There was a writer’s moment right at the end of Broadchurch (right at the end, so no spoilers here) that said quite a lot about how the writer, Chris Chibnall, thought about the drama.
After three series, and twenty hours of drama, and after solving their latest and last case, Miller (Olivia Colman) and Hardy (David Tennant) are sitting on a bench, not that close, with the cliffs behind them.
MILLER: I could do with a drink. Do you want one? We could go to the pub, we’ve never been to the pub.
MILLER (getting up): I should get back for Daisy.
HARDY (also getting up): I should get back to my boys.
The detective series that always ended with the detectives having a drink, of course, was Morse, and that tradition carries on with its offshoot Lewis. Morse and Lewis are puzzles to be solved, and the pint is like a reward for finishing a difficult crossword.
I think what’s going here is a writer’s side-swipe: Chris Chibnall is saying that those shows where they have a pint as mates after the case is solved are just stories. The narrative gets closed as the case is cracked. Life, on the other hand, isn’t tidy: the case may be over (Hardy says just before , “We did our job, Miller, we got the people responsible, that’s all we can do”) but life carries on. Drama is closed but life is open. In other words, Broadchurch isn’t just another one of those television cop shows.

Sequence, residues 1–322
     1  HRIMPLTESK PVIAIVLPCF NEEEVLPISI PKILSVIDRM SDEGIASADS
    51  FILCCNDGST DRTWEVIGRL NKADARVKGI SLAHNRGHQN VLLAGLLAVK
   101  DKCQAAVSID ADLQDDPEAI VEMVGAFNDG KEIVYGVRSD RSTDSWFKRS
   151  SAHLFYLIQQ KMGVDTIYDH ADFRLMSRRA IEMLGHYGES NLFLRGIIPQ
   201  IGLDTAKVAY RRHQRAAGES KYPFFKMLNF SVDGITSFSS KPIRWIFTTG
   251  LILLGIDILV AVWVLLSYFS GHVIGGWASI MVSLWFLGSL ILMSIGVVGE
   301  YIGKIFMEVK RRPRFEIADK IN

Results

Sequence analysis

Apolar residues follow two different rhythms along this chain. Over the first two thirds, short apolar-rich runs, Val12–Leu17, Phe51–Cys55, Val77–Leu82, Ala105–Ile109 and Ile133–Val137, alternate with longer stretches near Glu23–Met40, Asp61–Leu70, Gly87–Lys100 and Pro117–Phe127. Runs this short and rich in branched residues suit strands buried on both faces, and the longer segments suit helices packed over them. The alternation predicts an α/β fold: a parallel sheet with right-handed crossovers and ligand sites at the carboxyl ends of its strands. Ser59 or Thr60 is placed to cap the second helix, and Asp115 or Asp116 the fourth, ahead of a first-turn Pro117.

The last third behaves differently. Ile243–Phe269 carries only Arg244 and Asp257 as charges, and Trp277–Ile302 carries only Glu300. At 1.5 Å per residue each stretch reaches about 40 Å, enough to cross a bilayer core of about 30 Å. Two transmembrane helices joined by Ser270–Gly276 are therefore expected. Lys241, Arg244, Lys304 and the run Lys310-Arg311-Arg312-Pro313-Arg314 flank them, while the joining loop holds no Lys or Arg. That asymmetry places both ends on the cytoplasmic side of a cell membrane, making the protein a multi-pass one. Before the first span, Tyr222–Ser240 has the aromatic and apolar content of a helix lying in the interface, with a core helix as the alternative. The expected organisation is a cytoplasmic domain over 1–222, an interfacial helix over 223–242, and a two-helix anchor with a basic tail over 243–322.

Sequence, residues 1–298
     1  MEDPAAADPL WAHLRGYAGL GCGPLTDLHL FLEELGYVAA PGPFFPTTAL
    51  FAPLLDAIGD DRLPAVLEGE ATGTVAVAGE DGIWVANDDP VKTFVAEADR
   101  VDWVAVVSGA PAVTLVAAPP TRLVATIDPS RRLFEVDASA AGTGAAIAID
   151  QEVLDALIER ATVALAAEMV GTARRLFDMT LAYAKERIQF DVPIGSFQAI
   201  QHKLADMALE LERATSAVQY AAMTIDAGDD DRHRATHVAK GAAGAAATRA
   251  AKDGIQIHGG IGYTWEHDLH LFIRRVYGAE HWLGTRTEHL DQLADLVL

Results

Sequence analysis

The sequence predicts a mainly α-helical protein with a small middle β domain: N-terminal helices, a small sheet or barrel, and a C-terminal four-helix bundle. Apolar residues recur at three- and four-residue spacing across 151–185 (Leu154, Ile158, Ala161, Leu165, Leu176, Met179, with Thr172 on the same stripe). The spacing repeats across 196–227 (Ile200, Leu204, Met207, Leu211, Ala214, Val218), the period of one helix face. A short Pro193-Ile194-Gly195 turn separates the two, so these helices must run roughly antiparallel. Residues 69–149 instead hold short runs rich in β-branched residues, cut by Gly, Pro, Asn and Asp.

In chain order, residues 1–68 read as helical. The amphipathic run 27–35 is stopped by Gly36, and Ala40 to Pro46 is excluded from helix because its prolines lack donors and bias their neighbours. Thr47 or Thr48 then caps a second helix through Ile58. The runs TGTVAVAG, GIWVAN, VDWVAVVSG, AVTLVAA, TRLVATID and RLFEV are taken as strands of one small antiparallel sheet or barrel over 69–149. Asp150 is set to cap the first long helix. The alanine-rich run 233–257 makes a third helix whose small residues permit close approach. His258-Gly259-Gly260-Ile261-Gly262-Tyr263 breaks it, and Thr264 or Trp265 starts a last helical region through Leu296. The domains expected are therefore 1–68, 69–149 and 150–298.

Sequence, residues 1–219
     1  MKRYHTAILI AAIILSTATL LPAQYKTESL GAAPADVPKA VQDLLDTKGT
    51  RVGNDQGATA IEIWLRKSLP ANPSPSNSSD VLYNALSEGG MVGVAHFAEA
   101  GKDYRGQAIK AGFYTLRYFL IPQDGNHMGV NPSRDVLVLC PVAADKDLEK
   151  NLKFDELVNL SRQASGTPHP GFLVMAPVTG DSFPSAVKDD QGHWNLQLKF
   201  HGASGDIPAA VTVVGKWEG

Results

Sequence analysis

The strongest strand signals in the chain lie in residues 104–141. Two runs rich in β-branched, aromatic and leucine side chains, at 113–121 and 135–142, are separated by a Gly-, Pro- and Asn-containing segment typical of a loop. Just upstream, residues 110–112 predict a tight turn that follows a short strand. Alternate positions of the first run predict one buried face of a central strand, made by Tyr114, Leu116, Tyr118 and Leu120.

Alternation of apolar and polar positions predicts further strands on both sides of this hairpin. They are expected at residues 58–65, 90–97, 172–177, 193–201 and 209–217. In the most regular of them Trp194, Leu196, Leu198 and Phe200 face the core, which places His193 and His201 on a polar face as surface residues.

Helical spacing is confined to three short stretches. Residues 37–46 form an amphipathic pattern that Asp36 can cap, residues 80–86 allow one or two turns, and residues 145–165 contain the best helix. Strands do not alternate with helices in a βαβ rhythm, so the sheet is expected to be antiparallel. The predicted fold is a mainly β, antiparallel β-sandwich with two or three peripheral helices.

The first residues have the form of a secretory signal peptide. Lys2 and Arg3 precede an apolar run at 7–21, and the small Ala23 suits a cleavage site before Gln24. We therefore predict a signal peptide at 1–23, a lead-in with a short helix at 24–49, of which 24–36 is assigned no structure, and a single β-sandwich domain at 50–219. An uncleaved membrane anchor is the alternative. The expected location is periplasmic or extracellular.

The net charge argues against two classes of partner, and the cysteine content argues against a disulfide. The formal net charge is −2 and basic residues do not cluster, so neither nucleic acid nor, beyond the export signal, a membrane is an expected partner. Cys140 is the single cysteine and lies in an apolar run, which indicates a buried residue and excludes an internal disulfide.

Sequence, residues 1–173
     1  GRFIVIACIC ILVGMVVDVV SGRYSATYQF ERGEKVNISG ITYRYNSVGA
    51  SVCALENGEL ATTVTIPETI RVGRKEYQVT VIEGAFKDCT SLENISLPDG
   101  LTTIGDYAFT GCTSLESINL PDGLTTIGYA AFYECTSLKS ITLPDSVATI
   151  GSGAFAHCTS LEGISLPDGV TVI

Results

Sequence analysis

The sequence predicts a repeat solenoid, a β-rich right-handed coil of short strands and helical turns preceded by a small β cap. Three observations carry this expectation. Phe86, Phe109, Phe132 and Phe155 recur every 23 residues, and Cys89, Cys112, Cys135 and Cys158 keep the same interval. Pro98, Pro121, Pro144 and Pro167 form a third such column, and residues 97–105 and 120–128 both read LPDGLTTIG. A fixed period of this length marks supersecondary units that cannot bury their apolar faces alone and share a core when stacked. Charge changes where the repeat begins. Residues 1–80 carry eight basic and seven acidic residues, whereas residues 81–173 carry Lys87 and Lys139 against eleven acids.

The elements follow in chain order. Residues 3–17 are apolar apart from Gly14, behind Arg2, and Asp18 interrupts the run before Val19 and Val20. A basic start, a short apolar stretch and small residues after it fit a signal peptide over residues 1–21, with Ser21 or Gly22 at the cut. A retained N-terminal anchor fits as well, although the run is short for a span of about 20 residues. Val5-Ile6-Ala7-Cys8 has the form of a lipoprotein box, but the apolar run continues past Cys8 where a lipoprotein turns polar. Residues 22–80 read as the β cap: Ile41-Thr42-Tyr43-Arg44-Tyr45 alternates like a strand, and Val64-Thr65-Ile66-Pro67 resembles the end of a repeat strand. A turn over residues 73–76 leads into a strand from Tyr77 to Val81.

Of course, it’s a writer’s conceit, since obviously Broadchurch is another television cop show. But because the detectives’ family lives have been so much a part of the story (unlike Morse) it’s a conceit that works.